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-   -   Forced landing WITH power (https://www.pprune.org/private-flying/554561-forced-landing-power.html)

hugh flung_dung 13th Jan 2015 16:53

Forced landing WITH power
 
When I was instructing it was a normal part of our training for studes to learn how to pick a field and to fly timed circuits around it for inspection and then an approach, all assuming poor viz and low cloud. Mutterings on another thread make me suspect that this is not taught by some schools, or that PPLs don't practice it. If you don't know how to do it then it would be a good thing to practice during the next flight with an FI ...

There's a reasonable description of the procedure here: but it doesn't mention timings for poor viz - ask your FI.
Remember that field length can be estimated by flying down it and timing: 1 second equates to 100 feet at 60kt (or 125 feet at 75kt, and so on).

HFD

dobbin1 13th Jan 2015 17:40

I still teach ex 17, but actually flying it seems a bit of a waste of time due to the need to fly it well above the heights talked about in the brief. Going down to 100 ft for a low pass over the field will often lead to a rule 5 violation, at least in my (densely populated) part of the world. A low pass at 600 ft just isn't the same. I have sometimes just skipped the flying exercise and just handled it as a ground briefing.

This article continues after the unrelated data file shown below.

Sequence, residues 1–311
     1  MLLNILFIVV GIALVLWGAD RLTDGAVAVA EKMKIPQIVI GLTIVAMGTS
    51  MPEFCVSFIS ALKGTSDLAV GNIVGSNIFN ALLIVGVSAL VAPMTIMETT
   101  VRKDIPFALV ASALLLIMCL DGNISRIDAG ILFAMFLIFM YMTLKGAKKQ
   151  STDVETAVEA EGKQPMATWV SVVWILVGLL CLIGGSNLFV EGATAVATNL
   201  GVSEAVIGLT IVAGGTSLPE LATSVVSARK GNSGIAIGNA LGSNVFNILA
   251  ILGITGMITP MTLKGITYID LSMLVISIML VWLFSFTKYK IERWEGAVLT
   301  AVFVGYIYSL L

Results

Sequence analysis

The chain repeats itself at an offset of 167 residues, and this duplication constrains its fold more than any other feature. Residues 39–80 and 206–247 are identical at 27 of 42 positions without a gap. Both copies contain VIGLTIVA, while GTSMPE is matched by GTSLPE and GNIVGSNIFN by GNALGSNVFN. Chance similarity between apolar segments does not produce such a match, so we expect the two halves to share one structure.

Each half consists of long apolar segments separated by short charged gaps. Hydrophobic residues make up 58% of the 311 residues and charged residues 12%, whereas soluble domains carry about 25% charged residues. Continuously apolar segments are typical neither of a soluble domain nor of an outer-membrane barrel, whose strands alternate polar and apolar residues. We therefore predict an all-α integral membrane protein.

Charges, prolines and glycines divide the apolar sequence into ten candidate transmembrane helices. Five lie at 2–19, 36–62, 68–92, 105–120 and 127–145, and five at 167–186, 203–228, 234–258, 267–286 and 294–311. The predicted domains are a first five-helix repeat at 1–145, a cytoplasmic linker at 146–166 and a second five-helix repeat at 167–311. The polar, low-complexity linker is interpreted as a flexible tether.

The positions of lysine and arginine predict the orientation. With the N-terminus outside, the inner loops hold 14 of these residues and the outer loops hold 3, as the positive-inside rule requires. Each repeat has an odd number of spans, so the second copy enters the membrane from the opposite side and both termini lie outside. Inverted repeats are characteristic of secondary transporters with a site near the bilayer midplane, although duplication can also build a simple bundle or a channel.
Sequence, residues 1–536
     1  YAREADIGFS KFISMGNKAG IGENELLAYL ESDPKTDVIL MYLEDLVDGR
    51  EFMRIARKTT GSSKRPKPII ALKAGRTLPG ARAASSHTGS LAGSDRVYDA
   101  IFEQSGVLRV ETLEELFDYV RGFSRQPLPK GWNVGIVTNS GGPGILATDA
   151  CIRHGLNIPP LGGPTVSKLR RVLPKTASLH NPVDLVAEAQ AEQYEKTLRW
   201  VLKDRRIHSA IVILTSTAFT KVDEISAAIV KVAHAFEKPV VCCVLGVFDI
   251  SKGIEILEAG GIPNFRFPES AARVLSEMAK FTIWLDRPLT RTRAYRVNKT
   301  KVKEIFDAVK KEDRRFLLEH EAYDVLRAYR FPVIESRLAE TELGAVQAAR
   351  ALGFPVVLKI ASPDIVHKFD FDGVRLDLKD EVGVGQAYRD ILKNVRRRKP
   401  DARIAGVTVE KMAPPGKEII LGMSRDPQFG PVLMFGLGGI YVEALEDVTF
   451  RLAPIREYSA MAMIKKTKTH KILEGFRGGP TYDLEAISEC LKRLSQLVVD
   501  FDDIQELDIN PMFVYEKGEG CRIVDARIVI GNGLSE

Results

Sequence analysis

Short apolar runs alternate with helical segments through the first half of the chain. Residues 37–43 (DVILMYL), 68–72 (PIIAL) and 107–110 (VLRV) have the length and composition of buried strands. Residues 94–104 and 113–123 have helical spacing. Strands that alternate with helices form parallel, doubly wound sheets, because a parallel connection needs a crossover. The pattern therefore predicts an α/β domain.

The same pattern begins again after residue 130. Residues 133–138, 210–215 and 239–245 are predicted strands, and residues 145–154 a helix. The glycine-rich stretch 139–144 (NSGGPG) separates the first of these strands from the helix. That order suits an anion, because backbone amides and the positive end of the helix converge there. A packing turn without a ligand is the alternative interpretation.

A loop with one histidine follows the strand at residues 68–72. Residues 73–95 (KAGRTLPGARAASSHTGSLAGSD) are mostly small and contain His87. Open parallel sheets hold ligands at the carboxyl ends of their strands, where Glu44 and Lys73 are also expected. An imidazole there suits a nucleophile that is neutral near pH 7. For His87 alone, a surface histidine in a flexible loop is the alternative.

Good tip on timing to estimate the field length.

wood73 13th Jan 2015 17:41

I learned them a few weeks back, precautionary landings.
Done them at 500 - 600 ft, then properly at the airfield over the runway.

S-Works 13th Jan 2015 17:59

Its not a a forced landing with power, its a precautionary landing..... :O

hugh flung_dung 13th Jan 2015 18:47

Bose-x: You are, of course, strictly correct. I plead senility, or perhaps I was still annoyed at the "other" thread.

Dobbin: you don't need much of an open area to do this and, as wood73 did, the final practice can be done near the airfield (but then it's difficult to convince the stude to use timings and not to cheat).

Our standard brief was:
  • Pick field and direction: as for FLWOP
  • Inspect: fly down intended landing strip at 400-500 ft AGL, note heading, use time to estimate LRA, continue into wind for 30 secs after end of landing area, pick a landmark, fly crosswind for 30 secs, pick a landmark, fly downwind for 60-75 secs, pick a landmark, fly base for 30 secs, turn onto heading, let down to 50-100 ft
  • Detailed inspection: as above, climbing to safe height after the inspection until timings say you're back on final approach
Note: use DI to estimate drift allowances on legs.

The message is that, while it's better to keep the field in sight, timings work well enough to be able to find the field if you lose it.

HFD

localflighteast 13th Jan 2015 20:10

I have no idea about the UK but in Canada it is a flight test item.